Human extravillous trophoblast invasion: intrinsic and extrinsic regulation
E Menkhorst, A Winship, M Van Sinderen, E Dimitriadis
REPRODUCTION FERTILITY AND DEVELOPMENT | CSIRO PUBLISHING | Published : 2016
During the establishment of pregnancy, a human blastocyst implants into the uterine endometrium to facilitate the formation of a functional placenta. Implantation involves the blastocyst adhering to the uterine luminal epithelium before the primitive syncytiotrophoblast and subsequently specialised cells, the extravillous trophoblast (EVT), invade into the decidua in order to engraft and remodel uterine spiral arteries, creating the placental blood supply at the end of the first trimester. Defects in EVT invasion lead to abnormal placentation and thus adverse pregnancy outcomes. The local decidual environment is thought to play a key role in regulating trophoblast invasion. Here we describe ..View full abstract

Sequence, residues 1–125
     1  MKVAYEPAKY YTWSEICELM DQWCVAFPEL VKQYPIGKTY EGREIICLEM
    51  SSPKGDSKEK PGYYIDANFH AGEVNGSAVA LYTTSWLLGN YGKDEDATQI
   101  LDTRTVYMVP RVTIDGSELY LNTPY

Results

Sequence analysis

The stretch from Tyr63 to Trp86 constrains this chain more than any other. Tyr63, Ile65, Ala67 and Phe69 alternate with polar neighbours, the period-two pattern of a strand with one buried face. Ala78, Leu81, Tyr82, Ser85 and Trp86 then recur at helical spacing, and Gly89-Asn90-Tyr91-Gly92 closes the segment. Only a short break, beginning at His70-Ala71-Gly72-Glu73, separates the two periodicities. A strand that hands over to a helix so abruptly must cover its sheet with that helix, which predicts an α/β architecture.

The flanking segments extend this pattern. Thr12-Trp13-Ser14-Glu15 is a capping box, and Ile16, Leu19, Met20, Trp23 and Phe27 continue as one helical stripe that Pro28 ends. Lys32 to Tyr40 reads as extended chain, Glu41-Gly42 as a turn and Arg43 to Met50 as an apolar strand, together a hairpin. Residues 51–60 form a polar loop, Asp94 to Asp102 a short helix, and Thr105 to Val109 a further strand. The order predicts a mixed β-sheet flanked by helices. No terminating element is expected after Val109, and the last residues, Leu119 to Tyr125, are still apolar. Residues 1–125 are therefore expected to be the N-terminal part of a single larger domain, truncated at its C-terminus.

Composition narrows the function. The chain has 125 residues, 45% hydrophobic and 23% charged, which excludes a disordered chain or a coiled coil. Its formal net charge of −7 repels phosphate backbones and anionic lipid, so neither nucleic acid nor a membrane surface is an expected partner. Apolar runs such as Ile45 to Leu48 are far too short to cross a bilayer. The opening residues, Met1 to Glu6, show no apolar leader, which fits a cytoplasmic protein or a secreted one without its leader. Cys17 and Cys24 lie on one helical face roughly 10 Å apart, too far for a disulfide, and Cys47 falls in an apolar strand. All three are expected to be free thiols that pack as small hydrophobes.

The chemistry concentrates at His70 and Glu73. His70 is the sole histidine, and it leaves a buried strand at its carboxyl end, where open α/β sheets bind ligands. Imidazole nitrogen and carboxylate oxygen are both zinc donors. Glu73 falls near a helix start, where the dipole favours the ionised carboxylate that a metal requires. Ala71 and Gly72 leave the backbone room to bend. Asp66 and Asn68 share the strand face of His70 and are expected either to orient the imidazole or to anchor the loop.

Awarded by National Health and Medical Research Council of Australia (NHMRC) Senior Research Fellowship
Awarded by NHMRC Early Career Fellowship
The authors' work reported herein was supported by the Victorian Government's Operational Infrastructure Support Program. ED was supported by a National Health and Medical Research Council of Australia (NHMRC) Senior Research Fellowship (#550905). EM was supported by an NHMRC Early Career Fellowship (#611827). AW was supported by an Australian Postgraduate Award.